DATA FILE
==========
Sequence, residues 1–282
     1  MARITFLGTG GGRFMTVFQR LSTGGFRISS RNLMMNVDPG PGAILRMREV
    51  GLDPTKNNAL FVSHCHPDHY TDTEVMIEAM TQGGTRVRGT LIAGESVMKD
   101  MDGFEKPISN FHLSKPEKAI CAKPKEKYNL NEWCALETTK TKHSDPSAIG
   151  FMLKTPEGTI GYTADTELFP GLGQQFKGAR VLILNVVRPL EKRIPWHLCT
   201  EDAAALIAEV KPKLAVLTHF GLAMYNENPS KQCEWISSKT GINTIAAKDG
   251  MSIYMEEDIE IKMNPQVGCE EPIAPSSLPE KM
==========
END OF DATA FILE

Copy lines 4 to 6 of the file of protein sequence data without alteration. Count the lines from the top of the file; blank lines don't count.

   101  MDGFEKPISN FHLSKPEKAI CAKPKEKYNL NEWCALETTK TKHSDPSAIG
   151  FMLKTPEGTI GYTADTELFP GLGQQFKGAR VLILNVVRPL EKRIPWHLCT
   201  EDAAALIAEV KPKLAVLTHF GLAMYNENPS KQCEWISSKT GINTIAAKDG